1. ## Deriving Simpson's Rule

To derive Simpson's Rule and it's error, we can integrate a 2nd degree Lagrange polynomial. To make the process less laborious, we can integrate over the interval [-h,h] using the points (-h,f(-h)), (0,f(0)), (h,f(h)). We end up with,

\begin{aligned} \int^h_{-h}p_2(x)dx = \frac{h}{3}\bigg(f(-h) + 4f(0) + f(h)\bigg) &+& \\
\cdots &+& \int^h_{-h}\frac{f^{(3)}(\xi)}{6}x(x+h)(x-h)dx,
\end{aligned}

where $p_2(x)$ denotes the second degree Lagrange polynomial. If I now wish to bound the error I can let $M=\max_{x\in [a,b]}|f^{(3)}(x)|$ and call the error $E_2(f)$ such that,

$|E_2(f)| \leq \frac{M}{6}\int^h_{-h}|x(x+h)(x-h)|dx.$

The integral however, is zero and so I end up with a useless error bound. In one of my books they state a similar thing, but instead of using $-h,0,h$, they use $a,\frac{a+b}{2},b$ to get,

$|E_2(f)| \leq \frac{M}{6}\int^b_{a}|(x-a)(x-\frac{a+b}{2})(x-b)|dx.$

I've tried plugging the integral into wolframalpha and get zero here as well. The book though ends up with,

$|E_2(f)| \leq \frac{(b-a)^4}{196}M$.

Am I doing something wrong here? Are there easier ways of deriving Simpson's along with the error term?Any comments are highly appreciated! Thanks.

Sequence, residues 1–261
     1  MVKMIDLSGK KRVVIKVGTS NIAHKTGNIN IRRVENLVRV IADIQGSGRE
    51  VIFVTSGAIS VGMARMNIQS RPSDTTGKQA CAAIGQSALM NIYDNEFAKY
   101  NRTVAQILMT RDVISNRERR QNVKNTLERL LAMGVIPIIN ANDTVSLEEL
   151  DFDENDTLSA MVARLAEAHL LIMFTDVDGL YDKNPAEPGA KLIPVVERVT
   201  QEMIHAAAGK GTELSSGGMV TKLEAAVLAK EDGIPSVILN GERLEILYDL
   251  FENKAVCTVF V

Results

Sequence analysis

2. A gentle bumb. I have yet to figure this one out.

3. Originally Posted by Mollier

$|E_2(f)| \leq \frac{M}{6}\int^h_{-h}|x(x+h)(x-h)|dx.$

The integral however, is zero and so I end up with a useless error bound. In one of my books they state a similar thing, but instead of using $-h,0,h$, they use $a,\frac{a+b}{2},b$ to get,

$|E_2(f)| \leq \frac{M}{6}\int^b_{a}|(x-a)(x-\frac{a+b}{2})(x-b)|dx.$

I've tried plugging the integral into wolframalpha and get zero here as well. The book though ends up with,

$|E_2(f)| \leq \frac{(b-a)^4}{196}M$.

Am I doing something wrong here? Are there easier ways of deriving Simpson's along with the error term?Any comments are highly appreciated! Thanks.
Man oh man, I've totally ignored the absoulte-value sign. The integral is of course not zero!

$|E_2(f)| \leq \frac{M}{6}\int^h_{-h}|x(x+h)(x-h)|dx = \frac{M}{6}\frac{h^4}{2}.$ .

Since $h = \frac{b-a}{2}$ then $\frac{h^4}{2}= \frac{(b-a)^4}{32}$, and so,

$|E_2(f)| \leq \frac{M}{192}h^4$ .

The book gets $\frac{1}{196}$, but that just might be a typo

I will stop talking to my self now.